I’ve had an interesting question for a while. Note that if this is indeed possible, I advice attempting it with caution, as it may lead to what some consider copyright infringement. Here is my question:
We know how IPFS works when browsing websites in the network. You type the URL http://127.0.0.1:8080/ipfs/my_hash_here into your browser, the js-ipfs or go-ipfs node on your computer loads up the website, and in the process it temporarily stores every file on it and seeds it for other nodes.
What I want to know: Suppose you have js-ipfs or go-ipfs installed. You are browsing a normal website on the internet, like deviantart.com or youtube.com or twitter.com or whatever. Is it possible to teach your web browser to also add and seed copies of those websites in the IPFS network as you visit them? Oppositely, could the browser also learn to look inside IPFS for every file embedded on a website (image, video, etc)?
My idea is that if enough people had such a browser capability, they could essentially mirror parts of the existing internet onto IPFS as they visit them. This would obviously only work to a very light extent: You can’t mirror the PHP scripts or MySQL databases behind a given site, so obviously you couldn’t replicate the functionality its server offers. However you could replicate certain resources, which would namely be useful when browsing sites with a lot of images / videos / audio.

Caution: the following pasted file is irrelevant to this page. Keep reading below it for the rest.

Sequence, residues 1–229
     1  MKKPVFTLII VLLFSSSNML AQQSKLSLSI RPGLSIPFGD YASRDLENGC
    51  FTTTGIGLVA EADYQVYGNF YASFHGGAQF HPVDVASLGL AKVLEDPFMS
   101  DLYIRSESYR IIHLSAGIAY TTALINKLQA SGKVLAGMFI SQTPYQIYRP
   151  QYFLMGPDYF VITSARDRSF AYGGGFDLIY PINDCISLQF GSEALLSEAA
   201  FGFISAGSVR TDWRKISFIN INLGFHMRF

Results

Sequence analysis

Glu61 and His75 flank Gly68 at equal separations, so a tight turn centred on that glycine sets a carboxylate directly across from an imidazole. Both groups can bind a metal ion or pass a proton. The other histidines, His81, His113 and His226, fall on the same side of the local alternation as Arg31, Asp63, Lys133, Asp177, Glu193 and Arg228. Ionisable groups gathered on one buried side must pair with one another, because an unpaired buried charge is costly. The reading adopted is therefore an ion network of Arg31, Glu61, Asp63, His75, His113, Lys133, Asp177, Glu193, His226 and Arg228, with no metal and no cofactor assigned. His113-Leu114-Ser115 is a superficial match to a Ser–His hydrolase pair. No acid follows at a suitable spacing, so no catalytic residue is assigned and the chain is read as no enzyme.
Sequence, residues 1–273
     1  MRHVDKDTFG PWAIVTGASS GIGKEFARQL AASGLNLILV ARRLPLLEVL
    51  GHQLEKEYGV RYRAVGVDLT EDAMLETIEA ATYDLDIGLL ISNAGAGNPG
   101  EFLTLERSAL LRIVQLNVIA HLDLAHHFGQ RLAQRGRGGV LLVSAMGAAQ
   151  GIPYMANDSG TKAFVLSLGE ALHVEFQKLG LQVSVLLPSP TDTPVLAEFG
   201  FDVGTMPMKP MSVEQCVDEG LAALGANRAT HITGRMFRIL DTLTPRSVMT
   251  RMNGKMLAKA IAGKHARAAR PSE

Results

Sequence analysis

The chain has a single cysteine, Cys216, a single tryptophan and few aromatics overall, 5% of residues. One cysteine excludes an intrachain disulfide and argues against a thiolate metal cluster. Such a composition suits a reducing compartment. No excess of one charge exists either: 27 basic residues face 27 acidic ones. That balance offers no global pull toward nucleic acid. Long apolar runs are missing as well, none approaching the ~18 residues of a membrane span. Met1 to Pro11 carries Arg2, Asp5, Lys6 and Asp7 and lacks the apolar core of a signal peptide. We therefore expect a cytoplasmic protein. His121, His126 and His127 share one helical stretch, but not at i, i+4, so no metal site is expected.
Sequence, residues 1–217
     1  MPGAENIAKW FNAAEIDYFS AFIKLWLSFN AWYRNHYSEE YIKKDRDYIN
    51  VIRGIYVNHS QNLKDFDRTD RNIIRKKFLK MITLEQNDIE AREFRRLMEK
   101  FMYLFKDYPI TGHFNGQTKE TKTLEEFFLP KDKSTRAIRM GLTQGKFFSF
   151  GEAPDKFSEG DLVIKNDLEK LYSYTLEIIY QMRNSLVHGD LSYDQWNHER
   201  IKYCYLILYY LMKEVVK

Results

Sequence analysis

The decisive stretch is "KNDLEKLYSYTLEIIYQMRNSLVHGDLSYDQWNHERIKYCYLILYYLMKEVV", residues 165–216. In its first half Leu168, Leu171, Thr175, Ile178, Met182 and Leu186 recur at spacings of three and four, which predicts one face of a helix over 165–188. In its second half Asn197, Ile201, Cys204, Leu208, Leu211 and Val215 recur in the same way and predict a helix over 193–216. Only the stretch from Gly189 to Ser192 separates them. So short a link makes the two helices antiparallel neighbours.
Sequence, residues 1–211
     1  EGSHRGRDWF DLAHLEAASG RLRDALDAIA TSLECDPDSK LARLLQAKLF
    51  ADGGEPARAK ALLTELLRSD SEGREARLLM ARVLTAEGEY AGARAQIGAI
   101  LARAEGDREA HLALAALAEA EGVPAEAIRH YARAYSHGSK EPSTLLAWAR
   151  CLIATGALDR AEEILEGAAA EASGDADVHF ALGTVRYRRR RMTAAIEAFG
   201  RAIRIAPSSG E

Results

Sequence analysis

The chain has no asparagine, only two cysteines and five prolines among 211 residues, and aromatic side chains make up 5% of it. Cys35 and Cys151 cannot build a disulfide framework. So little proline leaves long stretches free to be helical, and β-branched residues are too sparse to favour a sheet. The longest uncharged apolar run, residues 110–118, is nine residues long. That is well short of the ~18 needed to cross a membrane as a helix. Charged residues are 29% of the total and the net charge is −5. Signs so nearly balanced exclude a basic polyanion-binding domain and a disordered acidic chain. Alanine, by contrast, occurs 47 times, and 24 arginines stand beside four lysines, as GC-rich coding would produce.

An example: Imagine your node automatically running “ipfs add” for every Youtube video you watch, transferring the source from Google’s servers into the network. When you then want to view that video, your IPFS node will additionally know to look for it inside the network and override the source so you can watch the video on youtube.com without even loading it from its server!